Fibromyalgia and the Thyroid disease

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The thyroid gland is a butterfly-shaped organ located in the base of your neck. The thyroid hormones are tyrosine based hormones produced by the thyroid gland that are primarily responsible for regulation of metabolism. T₃ and T₄ are partially composed of iodine.

The thyroid’s hormones regulate vital body functions, including Central and peripheral nervous systems, heart rate, breathing, muscle strength, body temperature, cholesterol levels and much more. The thyroid gland is about 2-inches long and lies in front of your throat below the prominence of thyroid cartilage sometimes called the Adam’s apple.

The thyroid is part of the endocrine system, which is made up of glands that produce, store, and release hormones into the bloodstream so the hormones can reach the body’s cells. It is important that T3 and T4 levels are neither too high nor too low. Two glands in the brain, the hypothalamus and the pituitary communicate to maintain T3 and T4 balance.

T3 and T4 regulate your heart rate and how fast your intestines process food. So if T3 and T4 levels are low, your heart rate may be slower than normal, and you may have constipation and weight gain. If T3 and T4 levels are high, you may have a rapid heart rate and diarrhea and weight loss.

Symptoms of Thyroid Disease You Mustn’t Ignore

  1. Neck swelling
  2. Muscle pain and seizures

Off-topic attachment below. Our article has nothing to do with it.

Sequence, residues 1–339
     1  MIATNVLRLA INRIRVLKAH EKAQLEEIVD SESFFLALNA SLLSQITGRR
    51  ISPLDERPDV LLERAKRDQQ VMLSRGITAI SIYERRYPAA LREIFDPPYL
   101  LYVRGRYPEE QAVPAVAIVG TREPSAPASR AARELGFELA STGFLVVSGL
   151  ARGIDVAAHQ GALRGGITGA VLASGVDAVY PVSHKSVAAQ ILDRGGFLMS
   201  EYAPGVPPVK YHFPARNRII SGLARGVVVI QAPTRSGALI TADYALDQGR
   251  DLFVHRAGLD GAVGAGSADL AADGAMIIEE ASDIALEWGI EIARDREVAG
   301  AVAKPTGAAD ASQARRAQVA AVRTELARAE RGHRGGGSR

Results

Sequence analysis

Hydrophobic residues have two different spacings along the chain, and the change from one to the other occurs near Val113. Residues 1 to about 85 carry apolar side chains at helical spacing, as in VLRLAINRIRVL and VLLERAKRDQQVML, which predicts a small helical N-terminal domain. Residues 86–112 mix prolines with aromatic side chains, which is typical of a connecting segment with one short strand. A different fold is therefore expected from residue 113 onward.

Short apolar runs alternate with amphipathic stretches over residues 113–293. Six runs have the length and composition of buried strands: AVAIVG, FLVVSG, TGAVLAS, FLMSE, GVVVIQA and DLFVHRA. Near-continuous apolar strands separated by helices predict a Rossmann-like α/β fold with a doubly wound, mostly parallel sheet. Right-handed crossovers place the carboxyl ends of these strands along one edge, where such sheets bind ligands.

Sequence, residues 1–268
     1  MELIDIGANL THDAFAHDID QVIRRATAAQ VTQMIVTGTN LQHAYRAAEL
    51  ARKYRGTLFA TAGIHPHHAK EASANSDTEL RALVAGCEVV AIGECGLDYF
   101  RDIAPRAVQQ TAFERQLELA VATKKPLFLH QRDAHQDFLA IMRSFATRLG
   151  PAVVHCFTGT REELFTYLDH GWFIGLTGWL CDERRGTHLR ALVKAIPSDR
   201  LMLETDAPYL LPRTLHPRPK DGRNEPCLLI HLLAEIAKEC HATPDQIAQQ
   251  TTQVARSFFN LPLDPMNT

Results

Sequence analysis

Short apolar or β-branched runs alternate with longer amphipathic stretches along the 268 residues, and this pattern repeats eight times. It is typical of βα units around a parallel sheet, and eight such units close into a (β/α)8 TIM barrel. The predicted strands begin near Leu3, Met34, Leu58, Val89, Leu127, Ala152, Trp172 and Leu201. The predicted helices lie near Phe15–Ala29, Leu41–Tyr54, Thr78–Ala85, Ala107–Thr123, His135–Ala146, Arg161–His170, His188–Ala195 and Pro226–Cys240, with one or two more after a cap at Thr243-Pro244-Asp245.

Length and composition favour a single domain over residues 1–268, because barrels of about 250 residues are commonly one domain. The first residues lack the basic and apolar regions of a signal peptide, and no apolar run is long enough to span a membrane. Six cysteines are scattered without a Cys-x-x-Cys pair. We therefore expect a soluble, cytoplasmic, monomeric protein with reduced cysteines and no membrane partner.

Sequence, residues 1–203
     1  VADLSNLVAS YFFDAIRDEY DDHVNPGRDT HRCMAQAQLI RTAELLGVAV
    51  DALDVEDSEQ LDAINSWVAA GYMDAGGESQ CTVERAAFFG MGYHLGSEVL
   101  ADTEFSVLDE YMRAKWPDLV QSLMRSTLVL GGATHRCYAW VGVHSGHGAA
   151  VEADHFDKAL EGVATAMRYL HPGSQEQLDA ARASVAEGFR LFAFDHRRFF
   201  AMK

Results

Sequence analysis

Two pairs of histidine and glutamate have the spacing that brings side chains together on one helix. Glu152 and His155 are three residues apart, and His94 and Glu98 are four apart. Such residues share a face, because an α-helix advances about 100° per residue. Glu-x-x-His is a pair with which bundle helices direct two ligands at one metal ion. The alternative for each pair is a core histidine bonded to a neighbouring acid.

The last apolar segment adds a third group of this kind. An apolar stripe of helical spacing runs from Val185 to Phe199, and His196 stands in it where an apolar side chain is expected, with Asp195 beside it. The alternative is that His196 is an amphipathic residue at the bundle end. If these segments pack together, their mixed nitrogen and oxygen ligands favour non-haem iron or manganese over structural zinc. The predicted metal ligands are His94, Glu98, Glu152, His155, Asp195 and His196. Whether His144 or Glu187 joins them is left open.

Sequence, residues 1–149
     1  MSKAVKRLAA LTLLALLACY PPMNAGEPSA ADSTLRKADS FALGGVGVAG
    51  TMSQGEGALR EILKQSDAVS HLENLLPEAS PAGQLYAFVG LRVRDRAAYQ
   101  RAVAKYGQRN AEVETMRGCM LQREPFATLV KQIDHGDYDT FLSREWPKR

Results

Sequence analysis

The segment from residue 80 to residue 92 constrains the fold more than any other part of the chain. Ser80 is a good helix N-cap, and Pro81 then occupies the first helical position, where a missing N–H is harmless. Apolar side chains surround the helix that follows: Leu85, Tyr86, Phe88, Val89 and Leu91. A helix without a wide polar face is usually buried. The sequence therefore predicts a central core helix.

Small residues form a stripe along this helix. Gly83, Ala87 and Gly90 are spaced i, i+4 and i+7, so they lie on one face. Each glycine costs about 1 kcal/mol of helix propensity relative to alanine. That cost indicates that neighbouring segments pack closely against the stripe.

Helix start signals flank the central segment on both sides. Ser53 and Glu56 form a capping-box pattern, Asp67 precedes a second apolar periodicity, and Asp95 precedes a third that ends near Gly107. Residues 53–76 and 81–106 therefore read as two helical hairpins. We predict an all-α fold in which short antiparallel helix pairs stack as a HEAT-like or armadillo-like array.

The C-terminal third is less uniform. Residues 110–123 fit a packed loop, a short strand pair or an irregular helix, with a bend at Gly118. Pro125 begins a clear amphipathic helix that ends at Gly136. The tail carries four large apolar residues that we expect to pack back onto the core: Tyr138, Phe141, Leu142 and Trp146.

3. Tiredness and irritability (Hypothyroidism causes the feeling of tiredness and loss of strength)
  4. Changes in heart rate (Less than Normal rate- 60-100 beats/min)
  5. Dramatic weight loss or gain
  6. Dry skin and brittle nails
  7. Body temperature regulation problems (Cold Fits and Hot Fits)

Fibromyalgia and thyroid disease

Fibromyalgia and thyroid disease are strongly linked. Up to 15% of patients with hypothyroidism will develop fibromyalgia, a link that has led scientists to investigate the possibility that both diseases have the same underlying cause.

Two facts about thyroid hormones are pertinent to fibromyalgia, their role in sleep and their role in setting hormone sensitivity. Fibromyalgia is thought to be the result of an increase in sensitivity to pain as a result of neurochemical imbalances in the brain and spinal cord.

It is thought that fibromyalgia and thyroid hormone may be linked as a result of the ability of thyroid hormone to set the body’s sensitivity to a number of hormones. Though no direct effect has been linked, thyroid hormone is known to affect levels of serotonin, one of the major brain chemicals implicated in the pathology of fibromyalgia. It’s significant that a significant number of the estimated 27 million people with hypothyroidism end up also being diagnosed with fibromyalgia.

Both conditions share many similar symptoms, including fatigue, exhaustion, depression, brain fog, and varying degrees of muscle and joint pain. Fibromyalgia affects as many as 8 million people in the U.S., occurring mainly in women of childbearing age. In general, fibromyalgia strikes women seven times more often than men.

Some experts theorize that that like most cases of hypothyroidism in the United States, fibromyalgia is also an autoimmune disease. Dr. Teitelbaum believes that at the core of thyroid dysfunction and fibromyalgia is a problem with the dysfunction or suppression of a master gland in the brain called the hypothalamus.

More than half of the people with thyroid issues have no idea they have one and 90% of these have hypothyroidism, or an under active thyroid gland. It is vital that your doctor check six different blood markers, TSH, Free T4, Free T3, Reverse T3, Thyroid Per oxidase Antibodies and Thyroglobulin Antibodies – to measure your thyroid glands function. It’s imperative that your doctor use the optimal levels rather than the standard reference range when assessing and diagnosing thyroid disorders.